That included my partner and me. We'd teamed up on climbing Shishapangma (8012m, Tibet) in 2005 and agreed to tackle the South Col route together. Everything was ready for the summit we felt great, the weather was stable, fixed ropes and camps were in what could stop us?
Of course, even thinking such hubris is to court disaster. Only hours later, my summit bid was halted by a massive internal hemorrhage next to my brain - known in lesser circles as a nosebleed. At 3am on the morning we were due to move to Camp3 (24,000ft) I felt my nose running. No problem. I rolled over to wipe it and as I leaned, found the runny nose was blood. Drat! Why now? (That's a family-safe approximation of what was actually stated). Never having had serious problems with nosebleeds, I wasn't worried, at least until it wouldn't stop. Soon I had one emergency room doctor join me in my tent with two more on the radio, and we tried everything, all to no avail. After about five hours I made the difficult decision to descend to base camp while my partner left me to ascend to Camp3.
Moving down the Western Cwm, and then the Khumbu Icefall, was extremely difficult. I had toilet paper plugs jammed into both nostrils, which became disgusting bloody projectiles when I sneezed. Following climbers must have wondered about the numerous blood patches dotting the icefall. I don't mind saying I was fighting horrible emotional reactions due to abandoning the summit bid... to a nosebleed!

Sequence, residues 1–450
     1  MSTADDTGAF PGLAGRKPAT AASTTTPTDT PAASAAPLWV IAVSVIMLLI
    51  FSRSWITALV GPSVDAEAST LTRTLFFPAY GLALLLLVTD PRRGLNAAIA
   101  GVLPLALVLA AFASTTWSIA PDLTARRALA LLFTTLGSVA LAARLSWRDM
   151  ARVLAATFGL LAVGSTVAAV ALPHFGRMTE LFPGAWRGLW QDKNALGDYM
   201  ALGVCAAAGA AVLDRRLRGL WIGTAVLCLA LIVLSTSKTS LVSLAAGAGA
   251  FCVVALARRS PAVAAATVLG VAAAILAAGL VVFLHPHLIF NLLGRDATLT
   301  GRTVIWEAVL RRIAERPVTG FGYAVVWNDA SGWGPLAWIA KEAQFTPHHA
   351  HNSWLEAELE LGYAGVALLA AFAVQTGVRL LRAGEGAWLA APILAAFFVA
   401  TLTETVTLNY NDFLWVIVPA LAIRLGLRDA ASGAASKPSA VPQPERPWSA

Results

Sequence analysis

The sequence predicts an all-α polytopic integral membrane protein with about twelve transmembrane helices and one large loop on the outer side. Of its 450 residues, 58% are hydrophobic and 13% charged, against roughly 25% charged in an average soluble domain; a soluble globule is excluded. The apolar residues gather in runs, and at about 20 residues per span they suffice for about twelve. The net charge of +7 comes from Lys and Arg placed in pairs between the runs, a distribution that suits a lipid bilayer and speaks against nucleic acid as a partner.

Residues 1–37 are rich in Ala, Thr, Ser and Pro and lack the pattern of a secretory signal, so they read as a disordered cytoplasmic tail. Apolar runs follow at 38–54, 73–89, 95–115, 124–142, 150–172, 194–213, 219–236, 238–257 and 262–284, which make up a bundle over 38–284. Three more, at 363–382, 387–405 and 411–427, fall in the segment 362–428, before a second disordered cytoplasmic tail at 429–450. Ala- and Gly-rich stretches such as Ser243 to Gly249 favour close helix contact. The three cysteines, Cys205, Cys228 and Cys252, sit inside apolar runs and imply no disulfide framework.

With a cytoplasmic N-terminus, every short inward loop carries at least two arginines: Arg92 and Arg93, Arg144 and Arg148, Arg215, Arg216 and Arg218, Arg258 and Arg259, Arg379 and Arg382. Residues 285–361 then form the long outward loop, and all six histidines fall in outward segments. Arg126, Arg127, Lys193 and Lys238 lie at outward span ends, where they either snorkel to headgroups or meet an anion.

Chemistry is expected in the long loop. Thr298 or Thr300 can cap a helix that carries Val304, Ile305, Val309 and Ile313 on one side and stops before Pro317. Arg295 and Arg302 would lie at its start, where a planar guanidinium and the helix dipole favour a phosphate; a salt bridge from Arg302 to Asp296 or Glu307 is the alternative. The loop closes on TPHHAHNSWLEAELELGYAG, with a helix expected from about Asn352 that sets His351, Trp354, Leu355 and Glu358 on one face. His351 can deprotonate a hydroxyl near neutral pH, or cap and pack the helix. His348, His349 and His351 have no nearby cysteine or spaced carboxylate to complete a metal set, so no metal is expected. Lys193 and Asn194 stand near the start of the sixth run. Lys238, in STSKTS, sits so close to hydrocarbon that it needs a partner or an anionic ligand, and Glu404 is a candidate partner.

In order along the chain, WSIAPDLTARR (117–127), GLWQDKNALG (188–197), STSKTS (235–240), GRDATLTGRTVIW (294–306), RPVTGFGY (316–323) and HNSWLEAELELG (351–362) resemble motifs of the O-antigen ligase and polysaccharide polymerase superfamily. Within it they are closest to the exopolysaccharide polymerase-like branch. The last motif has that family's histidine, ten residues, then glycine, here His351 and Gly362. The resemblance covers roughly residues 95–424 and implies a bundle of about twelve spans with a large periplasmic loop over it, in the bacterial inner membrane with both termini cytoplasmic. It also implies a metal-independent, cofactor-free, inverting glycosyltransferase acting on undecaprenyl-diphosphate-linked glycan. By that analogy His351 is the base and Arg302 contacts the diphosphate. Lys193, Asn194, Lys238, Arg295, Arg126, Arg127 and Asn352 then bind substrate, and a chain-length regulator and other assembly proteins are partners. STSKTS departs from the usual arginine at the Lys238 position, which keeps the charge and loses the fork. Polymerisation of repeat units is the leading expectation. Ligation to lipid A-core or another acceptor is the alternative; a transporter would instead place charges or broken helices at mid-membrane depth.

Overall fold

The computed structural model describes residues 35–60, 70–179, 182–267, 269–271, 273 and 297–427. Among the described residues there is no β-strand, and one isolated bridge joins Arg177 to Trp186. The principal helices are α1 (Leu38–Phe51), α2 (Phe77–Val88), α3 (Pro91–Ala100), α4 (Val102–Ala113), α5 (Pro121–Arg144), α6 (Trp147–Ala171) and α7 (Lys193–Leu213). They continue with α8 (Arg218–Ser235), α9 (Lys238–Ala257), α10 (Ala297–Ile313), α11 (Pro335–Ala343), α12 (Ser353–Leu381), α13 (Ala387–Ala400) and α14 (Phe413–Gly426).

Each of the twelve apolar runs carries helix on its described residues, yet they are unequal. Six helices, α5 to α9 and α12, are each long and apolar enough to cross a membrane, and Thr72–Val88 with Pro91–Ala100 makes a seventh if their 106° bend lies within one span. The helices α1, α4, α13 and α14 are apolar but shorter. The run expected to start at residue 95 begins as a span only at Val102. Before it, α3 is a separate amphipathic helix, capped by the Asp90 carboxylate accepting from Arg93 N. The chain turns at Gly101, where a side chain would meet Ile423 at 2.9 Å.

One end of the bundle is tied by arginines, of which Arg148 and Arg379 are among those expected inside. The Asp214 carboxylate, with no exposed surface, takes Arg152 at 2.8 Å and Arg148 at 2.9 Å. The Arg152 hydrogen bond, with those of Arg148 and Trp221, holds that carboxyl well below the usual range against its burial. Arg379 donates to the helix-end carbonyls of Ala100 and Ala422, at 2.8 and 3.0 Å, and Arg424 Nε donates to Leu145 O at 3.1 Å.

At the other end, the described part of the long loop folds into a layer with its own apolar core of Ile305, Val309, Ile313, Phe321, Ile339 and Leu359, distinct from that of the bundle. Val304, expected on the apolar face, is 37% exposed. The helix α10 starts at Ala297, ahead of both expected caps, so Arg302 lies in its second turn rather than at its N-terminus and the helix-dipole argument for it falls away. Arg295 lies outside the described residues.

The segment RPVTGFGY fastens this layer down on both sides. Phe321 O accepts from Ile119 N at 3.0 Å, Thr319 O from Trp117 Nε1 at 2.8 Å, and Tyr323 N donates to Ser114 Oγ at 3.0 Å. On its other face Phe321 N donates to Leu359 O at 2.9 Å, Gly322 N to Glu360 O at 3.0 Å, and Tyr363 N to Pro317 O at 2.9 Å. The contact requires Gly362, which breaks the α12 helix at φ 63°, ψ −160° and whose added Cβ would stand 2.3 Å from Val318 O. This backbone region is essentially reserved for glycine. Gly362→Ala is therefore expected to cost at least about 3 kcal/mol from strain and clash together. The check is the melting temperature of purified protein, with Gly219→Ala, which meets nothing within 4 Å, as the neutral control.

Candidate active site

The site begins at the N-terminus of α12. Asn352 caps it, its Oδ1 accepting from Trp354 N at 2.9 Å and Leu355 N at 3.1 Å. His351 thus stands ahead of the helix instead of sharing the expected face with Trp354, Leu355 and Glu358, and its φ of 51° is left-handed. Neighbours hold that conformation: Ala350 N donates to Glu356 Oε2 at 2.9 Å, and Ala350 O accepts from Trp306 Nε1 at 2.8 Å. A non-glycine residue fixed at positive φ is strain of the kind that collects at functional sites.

Upon arriving at Base Camp, I headed straight to the medical tent of the Himalayan Rescue Association. Examination showed the bleeding was somewhere inside my nasal cavity and could not be reached by cauterization methods. Since we couldn't stop the bleeding, the next step was to block it a product known as a nasal tampon. If you've never had the pleasure of a one, imagine a 3/8 x 3 long stick shoved into your brain. Trust me it SOUNDS better than it feels. And the resulting headache is not to be missed!
This helped sort of. Now all the blood was simply re-routed out the other nostril. So the following day I had a second one driven in (oops, I mean 'inserted'). My nose was no longer bleeding, but it was all running down my throat. It didn't take long to get horribly nauseous, so now my only choice was to lean over a bottle and spit.
Any activity caused the bleeding to start again, plus I was getting very fatigued - and it's a 34-mile walk to the nearest airport (there are no roads in the Khumbu). After wondering how I was going to get out of there, the doctors finally authorized a military helicopter evacuation. That was the final humiliation being evacuated, apparently healthy, with big plugs sticking out of my nose that's the size of a balloon.
Once in Kathmandu I had them removed, with the bleeding finally stopped. Overall it was a great adventure, although not the way I wanted it to end. Besides, standing atop Mount Everest, reaching the highest summit on the planet, to some the pinnacle of climbing achievement, I hear is overrated.
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